WASHINGTON — The Municipal Securities Rulemaking Board released a proposal Thursday aimed at increasing protection for retail investors who trade municipal bonds online.
The proposal, if adopted, would apply to firms that operate “electronic brokerage systems” like Fidelity Brokerage Services LLC, TD Ameritrade, Charles Schwab & Co., Scottrade and E*Trade Financial Corp.
Under the proposal, these firms would have to give individual investors opening online accounts educational materials that include information about the common features and risks of municipal securities.
The firms also would be required to collect investment profile information for new retail customers, including their financial and tax status, age, income, risk tolerance and investment objectives.
A muni securities principal would have to approve each new online account opened by an individual before any transaction.
In addition, firms would have to establish written procedures for delivering material information to investors and how they fulfill their pricing obligations.
Firms would also need to define the circumstances under which a transaction would constitute a recommendation for a particular security. The MSRB asked market participants to provide feedback on the proposal by Sept. 21.
“We want to hear from market participants as to whether the proposal to strengthen account opening and supervisory practices of dealers would help protect individual investors without imposing an undue burden on dealers,” MSRB executive director Lynnette Kelly said in a release.
The board said new rules could help ensure online traders adequately understand muni bonds and make purchases suited for their financial goals and risk tolerance.
Firms operating the systems offer a “variety of complex municipal securities” for sale online without regard to traders’ financial circumstances or investment experience, the board said.
For example, an elderly investor with a fixed income can “open an electronic brokerage account and purchase the most complex and risky municipal securities without a meaningful analysis of the suitability of the transaction,” the MSRB said.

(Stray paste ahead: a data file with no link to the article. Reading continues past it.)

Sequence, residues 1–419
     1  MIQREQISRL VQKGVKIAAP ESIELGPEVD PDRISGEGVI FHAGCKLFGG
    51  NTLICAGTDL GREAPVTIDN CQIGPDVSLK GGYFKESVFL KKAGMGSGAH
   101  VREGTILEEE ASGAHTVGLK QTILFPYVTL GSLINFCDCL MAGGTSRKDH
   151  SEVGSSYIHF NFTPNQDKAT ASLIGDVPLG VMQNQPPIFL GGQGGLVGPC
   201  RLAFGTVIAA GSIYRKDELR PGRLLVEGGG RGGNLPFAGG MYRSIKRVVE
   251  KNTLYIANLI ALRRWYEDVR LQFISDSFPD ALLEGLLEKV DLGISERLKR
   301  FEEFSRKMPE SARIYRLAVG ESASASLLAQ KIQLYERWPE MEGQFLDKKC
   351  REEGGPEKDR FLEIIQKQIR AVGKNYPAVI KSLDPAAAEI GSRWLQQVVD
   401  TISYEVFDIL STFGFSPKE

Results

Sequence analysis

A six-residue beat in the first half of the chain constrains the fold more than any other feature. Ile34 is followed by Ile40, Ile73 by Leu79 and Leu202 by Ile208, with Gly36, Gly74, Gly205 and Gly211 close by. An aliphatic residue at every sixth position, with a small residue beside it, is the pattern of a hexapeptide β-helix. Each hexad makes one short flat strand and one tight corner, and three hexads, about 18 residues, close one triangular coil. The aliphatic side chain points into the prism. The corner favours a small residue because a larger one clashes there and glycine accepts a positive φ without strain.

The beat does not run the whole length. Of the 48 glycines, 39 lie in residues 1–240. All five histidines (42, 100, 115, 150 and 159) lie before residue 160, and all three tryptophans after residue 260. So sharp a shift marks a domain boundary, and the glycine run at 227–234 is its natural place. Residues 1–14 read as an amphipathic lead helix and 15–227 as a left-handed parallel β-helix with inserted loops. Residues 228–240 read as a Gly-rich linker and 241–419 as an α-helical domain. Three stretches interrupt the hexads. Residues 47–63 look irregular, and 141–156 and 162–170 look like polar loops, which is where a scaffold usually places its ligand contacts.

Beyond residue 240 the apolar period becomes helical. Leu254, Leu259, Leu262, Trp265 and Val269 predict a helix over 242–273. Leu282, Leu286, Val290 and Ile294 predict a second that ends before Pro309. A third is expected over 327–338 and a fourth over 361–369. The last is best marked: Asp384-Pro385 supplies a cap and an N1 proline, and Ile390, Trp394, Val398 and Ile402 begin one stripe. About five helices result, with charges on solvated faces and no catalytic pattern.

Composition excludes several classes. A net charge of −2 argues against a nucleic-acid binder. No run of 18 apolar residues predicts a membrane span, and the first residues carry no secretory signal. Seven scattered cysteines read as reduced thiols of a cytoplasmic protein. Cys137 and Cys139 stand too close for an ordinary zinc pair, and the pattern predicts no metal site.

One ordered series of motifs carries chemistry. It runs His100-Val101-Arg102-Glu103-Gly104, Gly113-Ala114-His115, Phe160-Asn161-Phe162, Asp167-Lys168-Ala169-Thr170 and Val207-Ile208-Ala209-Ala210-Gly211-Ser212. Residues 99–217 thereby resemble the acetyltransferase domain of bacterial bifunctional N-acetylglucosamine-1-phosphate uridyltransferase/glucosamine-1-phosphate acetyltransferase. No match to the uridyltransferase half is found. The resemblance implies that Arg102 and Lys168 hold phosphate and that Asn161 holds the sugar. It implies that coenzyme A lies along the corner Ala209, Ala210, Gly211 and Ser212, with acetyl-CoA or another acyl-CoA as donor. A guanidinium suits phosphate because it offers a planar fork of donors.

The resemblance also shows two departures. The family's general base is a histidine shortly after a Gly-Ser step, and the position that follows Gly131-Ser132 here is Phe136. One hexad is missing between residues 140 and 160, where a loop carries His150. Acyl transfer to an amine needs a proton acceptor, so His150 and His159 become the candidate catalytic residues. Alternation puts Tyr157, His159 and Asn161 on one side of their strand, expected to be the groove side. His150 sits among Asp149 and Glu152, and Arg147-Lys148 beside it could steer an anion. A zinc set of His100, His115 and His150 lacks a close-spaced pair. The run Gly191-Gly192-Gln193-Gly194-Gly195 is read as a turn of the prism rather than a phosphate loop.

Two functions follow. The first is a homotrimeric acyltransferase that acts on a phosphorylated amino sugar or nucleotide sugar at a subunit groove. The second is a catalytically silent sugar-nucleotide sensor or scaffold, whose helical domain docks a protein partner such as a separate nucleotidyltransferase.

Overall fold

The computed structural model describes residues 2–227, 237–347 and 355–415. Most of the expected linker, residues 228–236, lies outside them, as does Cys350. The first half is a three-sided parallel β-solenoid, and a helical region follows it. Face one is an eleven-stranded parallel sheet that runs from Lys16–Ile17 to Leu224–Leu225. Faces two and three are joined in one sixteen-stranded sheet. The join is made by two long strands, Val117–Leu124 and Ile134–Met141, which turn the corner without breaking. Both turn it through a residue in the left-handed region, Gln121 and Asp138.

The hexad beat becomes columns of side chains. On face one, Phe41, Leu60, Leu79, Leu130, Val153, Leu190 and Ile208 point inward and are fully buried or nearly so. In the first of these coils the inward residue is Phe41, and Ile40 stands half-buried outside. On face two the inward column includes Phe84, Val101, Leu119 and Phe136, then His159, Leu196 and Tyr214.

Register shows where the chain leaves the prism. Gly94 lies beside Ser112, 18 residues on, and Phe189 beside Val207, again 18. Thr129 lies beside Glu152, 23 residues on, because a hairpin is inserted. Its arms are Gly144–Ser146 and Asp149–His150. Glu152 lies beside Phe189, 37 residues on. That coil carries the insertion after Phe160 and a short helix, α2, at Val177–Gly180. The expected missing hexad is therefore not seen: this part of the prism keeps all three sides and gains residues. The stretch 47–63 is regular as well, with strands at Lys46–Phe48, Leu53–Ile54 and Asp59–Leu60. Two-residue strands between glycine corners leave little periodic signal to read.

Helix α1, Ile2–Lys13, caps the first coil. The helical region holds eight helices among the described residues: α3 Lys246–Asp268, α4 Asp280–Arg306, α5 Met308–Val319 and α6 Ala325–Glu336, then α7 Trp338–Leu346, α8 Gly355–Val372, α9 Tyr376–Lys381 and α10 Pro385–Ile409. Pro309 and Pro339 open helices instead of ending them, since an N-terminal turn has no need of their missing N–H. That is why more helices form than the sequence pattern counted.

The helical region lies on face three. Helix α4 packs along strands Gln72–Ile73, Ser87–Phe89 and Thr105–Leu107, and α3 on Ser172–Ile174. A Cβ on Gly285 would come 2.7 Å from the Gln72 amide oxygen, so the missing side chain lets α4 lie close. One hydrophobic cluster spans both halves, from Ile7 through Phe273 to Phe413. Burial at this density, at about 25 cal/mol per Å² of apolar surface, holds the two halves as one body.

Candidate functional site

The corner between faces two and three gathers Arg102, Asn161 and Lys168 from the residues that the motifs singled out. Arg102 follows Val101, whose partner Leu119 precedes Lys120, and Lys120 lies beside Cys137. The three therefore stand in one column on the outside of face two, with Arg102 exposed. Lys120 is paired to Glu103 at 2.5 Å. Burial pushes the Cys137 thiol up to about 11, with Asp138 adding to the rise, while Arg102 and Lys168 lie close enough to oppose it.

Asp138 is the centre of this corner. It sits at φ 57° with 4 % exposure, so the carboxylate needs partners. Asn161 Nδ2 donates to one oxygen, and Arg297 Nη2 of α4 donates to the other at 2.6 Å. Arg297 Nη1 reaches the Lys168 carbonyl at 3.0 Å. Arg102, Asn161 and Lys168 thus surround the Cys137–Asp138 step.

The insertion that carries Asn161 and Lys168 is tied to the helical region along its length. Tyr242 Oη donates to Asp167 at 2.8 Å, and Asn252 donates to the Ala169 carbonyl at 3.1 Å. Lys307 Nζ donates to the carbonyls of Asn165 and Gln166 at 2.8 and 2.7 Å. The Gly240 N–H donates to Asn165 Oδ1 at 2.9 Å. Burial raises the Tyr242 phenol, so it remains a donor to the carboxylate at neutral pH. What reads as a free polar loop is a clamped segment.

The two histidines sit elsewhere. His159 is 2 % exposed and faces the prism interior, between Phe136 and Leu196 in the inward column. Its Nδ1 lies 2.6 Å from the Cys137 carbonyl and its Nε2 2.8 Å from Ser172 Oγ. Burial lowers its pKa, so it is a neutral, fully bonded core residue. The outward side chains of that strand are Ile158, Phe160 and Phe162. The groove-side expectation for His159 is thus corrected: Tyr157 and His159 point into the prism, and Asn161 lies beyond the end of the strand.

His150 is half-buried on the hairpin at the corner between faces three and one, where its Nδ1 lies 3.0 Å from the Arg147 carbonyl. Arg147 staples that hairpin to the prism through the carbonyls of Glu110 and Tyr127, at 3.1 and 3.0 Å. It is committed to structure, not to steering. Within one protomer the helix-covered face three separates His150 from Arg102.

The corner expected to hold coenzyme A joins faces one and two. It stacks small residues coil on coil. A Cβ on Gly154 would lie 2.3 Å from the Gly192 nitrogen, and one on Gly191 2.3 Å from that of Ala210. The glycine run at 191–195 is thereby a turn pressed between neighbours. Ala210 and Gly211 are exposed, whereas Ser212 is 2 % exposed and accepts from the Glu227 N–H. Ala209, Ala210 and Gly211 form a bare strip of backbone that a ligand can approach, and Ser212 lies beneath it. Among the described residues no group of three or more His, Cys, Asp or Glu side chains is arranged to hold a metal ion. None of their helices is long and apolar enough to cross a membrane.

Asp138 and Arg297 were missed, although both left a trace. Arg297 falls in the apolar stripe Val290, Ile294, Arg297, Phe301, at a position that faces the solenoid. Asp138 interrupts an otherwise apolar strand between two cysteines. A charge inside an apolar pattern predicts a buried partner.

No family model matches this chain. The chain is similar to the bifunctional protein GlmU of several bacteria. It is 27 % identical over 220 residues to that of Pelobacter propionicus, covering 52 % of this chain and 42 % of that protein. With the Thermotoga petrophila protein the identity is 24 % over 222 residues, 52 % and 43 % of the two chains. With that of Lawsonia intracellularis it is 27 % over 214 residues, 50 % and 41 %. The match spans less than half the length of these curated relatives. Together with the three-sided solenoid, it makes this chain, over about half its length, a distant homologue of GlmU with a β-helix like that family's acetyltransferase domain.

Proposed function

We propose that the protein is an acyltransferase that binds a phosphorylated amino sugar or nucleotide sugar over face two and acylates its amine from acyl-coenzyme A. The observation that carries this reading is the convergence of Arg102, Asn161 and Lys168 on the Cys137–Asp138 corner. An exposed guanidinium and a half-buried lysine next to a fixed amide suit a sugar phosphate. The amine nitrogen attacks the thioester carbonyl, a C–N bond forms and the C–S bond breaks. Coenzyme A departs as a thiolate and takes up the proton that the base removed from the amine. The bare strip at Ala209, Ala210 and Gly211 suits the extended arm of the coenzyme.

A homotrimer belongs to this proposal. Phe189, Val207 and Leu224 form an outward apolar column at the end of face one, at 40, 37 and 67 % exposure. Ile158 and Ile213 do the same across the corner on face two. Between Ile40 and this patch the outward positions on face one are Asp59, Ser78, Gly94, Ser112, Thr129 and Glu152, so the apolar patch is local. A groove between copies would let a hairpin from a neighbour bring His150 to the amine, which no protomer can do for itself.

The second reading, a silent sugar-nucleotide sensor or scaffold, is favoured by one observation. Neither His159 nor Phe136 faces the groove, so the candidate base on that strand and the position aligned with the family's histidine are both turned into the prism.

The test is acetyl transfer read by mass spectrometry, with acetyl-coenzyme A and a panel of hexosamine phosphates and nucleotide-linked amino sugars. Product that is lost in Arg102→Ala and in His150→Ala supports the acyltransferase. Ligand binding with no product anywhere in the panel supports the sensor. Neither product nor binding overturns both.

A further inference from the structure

Some firms restrict which bonds can be traded online, and many provide access to material information. But the lack of uniformity means investors may have inadequate protection, the MSRB said.
Mike Nicholas, chief executive of Bond Dealers of America, said his group appreciates “the board’s goal of enhancing protection for investors without harming liquidity or imposing an undue burden on dealers.”
He noted that retail customers have become some of the largest muni investors.
The MSRB began a review of electronic brokerage systems last year and has studied systems operated by some of the largest firms. It sought to evaluate firms’ compliance with rules on fair dealing, pricing and commissions, and suitability.
The MSRB said use of the systems by retail investors has increased recently, driven partly by low transaction costs.
Market-wide statistics are scarce because the board’s EMMA system does not distinguish online trades from others. But executives at Charles Schwab told The Bond Buyer in May that 58% of the firm’s muni and corporate bond trades occurred online last year, compared to roughly 40% a few years ago.
TMC Bonds LLC chief executive Tom Vales said at the time that online retail muni trading increased more than 30% in 2011 from 2010. TMC’s clients include large electronic brokerage firms.
Regulators have long raised concerns about the lack of protection for investors using online systems. The Securities and Exchange Commission issued a report in 1999 that raised suitability concerns and questioned whether the electronic transfer of investment information to customers constitutes a recommendation.
The SEC in 2001 issued another report recommending online brokers enhance education programs, review objectivity of advertising, establish best-execution procedures and review security measures.